Book Review Archive: Living Green: Communities that Sustain

Each Tuesday, I’m posting book reviews that I did in the past for D+A Studio’s blog. I’m doing this because, well, I love to read, and a good book will not be dated and will keep coming up when discussing current issues.  Click on the “Book Review” tab to see all reviews. 

“Living Green: Communities that Sustain,” by Jennifer Fosket and Laura Mamo


The “Living Green” authors visited many intentional communities around the country, interviewed residents, and spent time getting to know what makes each place tick. These communities ranged from a commune that has been around for decades that in order to be a part of you must give up all outside assets so that all are equal, to cohousing communities and eco-villages. The book focused much more on the social aspect of these communities than the built environment, but there was enough discussion of the physical makeup to merit a discussion here.

In the commune mentioned above, the focus of the community was a social sustainability: everyone is made equal by the fact that there is no outside income and everyone contributes somehow for the common good. In an eco-village, incomes are separate and the emphasis is on environmentally sustainably living.

The authors visited the Los Angeles Eco-Village (LAEV), located in the Koreatown neighborhood west of downtown LA. Their mottoes are “Demonstrating higher quality living patterns at a lower environmental impact” and “Reinventing how we live in cities.” It is sponsored by the Cooperative Resources and Services Project, which is a nonprofit community development organization for “small ecological cooperative communities.”

This community is what the Cohousing Association of the United States would call a form of “retro-fit” cohousing, that is, people live together in community, but they live in a building and spaces purchased by the LAEV, as opposed to the traditional definition of cohousing, where residents collectively design a community from scratch. Retro-fit cohousing like the LAEV is a much more accessible and attainable way to live in community. However, it is not without sacrifice. Their rules and regulations dictate the minimum and maximum amount of residents in each unit, for instance. But living here comes with many advantages of community, including “traffic calming” potlucks in the street, gardens, and a supportive bike culture. About half of the residents do not own cars, and those that do not receive a $20 discount on their rent each month. The eco-village is located close to transit and bus stops. The 48 units, owned by the Cooperative Resources and Services Project, are currently rented to residence, but in the future LAEV hopes to create permanently affordable co-ops.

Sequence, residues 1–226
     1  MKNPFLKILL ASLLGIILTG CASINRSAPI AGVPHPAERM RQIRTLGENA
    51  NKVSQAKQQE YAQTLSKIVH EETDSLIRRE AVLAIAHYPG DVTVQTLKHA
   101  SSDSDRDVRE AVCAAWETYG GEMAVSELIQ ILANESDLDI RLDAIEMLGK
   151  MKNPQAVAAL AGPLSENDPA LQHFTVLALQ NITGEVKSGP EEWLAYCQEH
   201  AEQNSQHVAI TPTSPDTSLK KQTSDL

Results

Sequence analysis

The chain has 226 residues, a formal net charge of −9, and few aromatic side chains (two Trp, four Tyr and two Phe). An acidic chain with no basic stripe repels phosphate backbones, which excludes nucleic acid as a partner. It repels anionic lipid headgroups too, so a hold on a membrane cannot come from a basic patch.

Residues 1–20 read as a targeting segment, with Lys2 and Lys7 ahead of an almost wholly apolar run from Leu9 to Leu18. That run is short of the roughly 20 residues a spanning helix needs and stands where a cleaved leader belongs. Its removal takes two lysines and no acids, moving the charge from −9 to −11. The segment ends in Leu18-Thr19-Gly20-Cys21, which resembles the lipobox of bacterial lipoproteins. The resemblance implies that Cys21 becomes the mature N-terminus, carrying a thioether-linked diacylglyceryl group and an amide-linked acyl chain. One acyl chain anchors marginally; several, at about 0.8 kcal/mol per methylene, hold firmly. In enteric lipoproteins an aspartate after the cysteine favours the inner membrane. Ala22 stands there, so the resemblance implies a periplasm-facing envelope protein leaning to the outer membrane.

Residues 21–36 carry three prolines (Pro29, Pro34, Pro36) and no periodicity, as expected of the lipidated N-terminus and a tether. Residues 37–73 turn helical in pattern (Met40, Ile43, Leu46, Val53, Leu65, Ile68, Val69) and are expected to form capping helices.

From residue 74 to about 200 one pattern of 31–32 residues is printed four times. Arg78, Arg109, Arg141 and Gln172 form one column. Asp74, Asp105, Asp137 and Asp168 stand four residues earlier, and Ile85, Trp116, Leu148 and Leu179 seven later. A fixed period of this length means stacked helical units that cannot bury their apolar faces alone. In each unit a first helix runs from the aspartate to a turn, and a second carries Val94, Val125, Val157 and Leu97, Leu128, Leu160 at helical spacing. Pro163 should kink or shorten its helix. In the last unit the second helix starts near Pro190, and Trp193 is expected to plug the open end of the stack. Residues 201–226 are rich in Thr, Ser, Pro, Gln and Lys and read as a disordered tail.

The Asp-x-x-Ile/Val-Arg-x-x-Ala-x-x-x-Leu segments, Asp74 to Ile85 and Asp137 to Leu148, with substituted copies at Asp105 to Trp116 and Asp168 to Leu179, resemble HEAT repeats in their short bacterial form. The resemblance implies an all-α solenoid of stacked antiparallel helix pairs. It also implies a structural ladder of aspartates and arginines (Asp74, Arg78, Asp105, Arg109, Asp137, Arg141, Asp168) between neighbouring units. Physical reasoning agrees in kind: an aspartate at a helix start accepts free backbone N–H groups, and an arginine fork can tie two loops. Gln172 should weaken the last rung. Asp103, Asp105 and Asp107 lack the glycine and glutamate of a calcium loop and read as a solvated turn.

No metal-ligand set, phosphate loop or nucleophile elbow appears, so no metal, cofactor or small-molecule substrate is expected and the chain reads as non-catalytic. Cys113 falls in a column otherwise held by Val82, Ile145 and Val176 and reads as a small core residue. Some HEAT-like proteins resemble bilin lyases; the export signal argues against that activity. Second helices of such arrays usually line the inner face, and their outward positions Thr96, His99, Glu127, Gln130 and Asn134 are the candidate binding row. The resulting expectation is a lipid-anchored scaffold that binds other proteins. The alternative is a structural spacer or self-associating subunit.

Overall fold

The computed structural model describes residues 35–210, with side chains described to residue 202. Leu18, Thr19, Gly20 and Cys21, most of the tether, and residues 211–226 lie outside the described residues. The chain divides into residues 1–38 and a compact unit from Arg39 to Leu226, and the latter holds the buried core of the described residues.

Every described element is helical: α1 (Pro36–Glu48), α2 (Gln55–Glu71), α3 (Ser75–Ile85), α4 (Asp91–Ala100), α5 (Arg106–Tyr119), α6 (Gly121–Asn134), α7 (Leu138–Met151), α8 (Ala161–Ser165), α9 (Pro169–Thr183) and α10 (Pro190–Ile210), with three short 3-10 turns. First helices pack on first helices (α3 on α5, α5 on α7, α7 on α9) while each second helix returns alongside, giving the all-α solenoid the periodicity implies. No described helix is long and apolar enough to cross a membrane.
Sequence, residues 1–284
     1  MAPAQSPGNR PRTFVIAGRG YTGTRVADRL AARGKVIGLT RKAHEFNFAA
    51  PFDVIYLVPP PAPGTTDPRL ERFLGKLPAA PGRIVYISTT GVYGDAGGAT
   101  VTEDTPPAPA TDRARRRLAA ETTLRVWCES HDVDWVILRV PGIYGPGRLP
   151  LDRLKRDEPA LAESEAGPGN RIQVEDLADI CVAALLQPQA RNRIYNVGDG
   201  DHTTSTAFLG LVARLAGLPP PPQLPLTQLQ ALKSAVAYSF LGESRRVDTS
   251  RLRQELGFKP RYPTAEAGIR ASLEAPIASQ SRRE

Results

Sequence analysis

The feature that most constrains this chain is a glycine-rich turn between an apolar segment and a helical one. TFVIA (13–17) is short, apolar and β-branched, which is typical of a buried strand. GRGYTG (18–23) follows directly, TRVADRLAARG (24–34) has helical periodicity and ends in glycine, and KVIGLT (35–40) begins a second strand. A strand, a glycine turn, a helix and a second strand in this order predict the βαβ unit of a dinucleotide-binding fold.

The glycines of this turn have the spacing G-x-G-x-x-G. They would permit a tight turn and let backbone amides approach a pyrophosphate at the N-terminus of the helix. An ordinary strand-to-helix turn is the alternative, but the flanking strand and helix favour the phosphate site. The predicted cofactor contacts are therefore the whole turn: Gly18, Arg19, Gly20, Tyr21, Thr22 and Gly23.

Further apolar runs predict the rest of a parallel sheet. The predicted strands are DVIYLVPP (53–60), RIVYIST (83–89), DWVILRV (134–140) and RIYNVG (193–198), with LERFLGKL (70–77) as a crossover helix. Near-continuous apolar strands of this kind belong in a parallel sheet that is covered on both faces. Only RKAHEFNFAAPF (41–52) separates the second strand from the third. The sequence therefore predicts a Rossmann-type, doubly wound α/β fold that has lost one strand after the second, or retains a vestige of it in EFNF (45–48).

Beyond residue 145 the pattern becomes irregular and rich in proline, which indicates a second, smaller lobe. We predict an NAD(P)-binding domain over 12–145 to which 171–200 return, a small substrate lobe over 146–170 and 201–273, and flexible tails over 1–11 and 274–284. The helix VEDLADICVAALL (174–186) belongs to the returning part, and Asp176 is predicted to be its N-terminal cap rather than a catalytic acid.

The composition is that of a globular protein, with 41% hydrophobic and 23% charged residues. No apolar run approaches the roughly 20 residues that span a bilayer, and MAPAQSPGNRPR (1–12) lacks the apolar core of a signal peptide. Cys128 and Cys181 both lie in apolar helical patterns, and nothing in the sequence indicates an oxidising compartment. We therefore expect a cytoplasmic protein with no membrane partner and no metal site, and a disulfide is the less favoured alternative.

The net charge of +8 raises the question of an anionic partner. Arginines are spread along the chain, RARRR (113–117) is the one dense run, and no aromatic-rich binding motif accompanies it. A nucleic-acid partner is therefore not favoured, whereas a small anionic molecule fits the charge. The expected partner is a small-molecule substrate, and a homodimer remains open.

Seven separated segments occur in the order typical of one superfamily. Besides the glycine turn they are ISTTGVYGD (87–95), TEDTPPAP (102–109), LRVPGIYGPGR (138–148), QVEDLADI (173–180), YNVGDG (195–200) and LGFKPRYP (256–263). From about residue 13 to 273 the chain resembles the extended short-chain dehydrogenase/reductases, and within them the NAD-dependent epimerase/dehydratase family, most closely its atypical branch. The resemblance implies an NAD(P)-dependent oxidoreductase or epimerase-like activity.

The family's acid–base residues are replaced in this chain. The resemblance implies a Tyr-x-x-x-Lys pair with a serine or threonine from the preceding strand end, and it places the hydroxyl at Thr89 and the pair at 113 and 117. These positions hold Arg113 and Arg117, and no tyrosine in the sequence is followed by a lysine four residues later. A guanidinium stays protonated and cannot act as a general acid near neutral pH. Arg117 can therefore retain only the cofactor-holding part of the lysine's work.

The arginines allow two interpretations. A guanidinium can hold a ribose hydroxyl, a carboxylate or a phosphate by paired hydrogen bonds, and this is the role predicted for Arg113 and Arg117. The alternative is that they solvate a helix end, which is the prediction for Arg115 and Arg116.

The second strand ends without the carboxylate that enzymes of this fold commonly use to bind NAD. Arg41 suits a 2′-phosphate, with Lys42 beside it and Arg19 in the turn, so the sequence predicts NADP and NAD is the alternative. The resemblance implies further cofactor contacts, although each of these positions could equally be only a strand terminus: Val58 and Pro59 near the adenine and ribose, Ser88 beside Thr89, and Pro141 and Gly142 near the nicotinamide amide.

Click here for more information on EcoVillages.

Fosket and Mamo list the 10 C’s of Sustainability that they found in the communities they visited: Culture, Context, Citizenship, Commitment, Collaboration, Connectedness, Care, Contact (with nature), Commons, Continuity.

I particularly like “Citizenship” as key to sustainability. So often the people have a will for living sustainably but what needs to be done is literally against the law (this subject could be dozens of other blog posts, but just for example, zoning laws that separate commercial and residential uses that discourage walking, limits on ADU’s and granny flats which discourage density and affordable housing, and municipal covenants that limit the number of unrelated people living in a single family dwelling). The authors encourage people to take power over their circumstances and strive to change local ordinances that are outdated that limit sustainability .